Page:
13 IRS & Treasury’s Intentions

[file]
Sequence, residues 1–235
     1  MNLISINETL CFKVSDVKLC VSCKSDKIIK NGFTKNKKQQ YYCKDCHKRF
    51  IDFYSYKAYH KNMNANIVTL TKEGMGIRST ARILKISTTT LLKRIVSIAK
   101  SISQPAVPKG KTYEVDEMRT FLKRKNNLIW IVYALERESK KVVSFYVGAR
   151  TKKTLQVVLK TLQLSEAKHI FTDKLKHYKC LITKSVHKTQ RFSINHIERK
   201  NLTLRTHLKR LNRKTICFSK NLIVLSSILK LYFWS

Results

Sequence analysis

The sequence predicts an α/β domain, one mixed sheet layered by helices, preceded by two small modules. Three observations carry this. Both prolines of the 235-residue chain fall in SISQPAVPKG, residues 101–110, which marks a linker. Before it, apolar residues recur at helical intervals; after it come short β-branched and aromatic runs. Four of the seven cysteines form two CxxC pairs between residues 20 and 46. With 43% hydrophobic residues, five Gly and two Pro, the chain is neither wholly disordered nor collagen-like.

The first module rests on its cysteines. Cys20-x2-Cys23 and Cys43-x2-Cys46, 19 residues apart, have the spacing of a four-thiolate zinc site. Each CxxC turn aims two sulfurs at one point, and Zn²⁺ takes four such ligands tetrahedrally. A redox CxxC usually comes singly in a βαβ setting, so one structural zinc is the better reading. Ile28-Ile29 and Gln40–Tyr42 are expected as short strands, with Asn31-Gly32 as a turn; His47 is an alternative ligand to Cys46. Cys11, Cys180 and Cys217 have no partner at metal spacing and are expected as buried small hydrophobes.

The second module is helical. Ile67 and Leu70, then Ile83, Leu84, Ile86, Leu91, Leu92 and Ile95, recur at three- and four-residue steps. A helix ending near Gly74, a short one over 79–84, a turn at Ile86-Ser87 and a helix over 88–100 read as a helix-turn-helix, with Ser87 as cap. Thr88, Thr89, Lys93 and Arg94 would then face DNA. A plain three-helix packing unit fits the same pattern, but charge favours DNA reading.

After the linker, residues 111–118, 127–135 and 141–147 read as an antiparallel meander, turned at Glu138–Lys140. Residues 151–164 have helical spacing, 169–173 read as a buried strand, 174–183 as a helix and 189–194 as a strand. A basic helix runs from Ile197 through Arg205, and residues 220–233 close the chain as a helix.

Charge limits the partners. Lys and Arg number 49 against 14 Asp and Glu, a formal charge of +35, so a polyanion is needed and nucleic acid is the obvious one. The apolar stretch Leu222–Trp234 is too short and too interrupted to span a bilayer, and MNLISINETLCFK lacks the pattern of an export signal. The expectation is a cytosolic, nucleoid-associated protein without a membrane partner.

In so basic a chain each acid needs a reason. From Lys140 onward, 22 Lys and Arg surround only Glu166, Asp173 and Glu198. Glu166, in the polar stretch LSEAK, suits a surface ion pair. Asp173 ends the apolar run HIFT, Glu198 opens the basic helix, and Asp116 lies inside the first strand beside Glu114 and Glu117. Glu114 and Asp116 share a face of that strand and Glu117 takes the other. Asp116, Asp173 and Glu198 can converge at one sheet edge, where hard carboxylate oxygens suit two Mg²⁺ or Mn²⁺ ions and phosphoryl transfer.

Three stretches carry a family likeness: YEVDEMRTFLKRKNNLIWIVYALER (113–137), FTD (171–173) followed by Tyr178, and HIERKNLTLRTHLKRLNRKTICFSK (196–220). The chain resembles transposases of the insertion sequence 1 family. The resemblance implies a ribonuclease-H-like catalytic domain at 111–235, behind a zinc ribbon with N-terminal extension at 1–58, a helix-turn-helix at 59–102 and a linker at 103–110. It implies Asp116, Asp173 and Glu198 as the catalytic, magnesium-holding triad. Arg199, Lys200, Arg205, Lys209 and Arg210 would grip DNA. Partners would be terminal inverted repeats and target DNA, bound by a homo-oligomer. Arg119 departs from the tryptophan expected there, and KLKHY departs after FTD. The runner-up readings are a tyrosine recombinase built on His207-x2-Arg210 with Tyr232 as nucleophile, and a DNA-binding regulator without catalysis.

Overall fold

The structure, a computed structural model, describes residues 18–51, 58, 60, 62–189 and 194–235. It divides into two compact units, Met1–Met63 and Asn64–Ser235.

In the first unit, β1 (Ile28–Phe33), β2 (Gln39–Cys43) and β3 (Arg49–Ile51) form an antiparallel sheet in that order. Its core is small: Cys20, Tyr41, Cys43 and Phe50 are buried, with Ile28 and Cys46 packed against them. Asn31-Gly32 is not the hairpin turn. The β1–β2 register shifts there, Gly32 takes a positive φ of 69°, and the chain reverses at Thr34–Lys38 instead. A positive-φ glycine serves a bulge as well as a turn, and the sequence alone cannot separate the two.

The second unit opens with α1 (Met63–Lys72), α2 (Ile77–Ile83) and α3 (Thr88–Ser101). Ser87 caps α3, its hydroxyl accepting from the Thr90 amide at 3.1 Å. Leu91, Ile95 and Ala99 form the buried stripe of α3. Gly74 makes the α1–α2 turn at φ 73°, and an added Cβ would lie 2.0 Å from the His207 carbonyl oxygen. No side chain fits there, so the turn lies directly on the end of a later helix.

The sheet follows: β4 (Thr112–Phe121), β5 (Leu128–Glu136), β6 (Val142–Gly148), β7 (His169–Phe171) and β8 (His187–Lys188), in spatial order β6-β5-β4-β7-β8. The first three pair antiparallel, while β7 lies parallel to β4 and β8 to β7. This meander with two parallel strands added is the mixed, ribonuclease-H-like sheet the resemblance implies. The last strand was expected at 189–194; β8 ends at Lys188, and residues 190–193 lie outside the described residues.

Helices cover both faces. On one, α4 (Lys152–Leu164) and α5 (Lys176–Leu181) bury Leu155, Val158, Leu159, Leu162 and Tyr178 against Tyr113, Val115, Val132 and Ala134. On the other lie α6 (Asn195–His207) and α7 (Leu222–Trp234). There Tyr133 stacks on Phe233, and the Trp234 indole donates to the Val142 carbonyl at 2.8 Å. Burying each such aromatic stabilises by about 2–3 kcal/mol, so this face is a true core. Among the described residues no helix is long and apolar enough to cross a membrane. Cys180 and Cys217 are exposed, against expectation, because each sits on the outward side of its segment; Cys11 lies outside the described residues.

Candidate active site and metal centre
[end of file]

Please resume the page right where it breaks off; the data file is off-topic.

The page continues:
14 IRS Notice Treasury and IRS intend to issue regulations addressing inversions and post-inversion transactions. The notice describes the substance of these future regulations. However: the Treasury and IRS expect to issue additional guidance to further limit inversions and specifically will address earnings stripping. Both the described and undescribed future guidance applies to companies that complete inversion on or after September 22, 2014.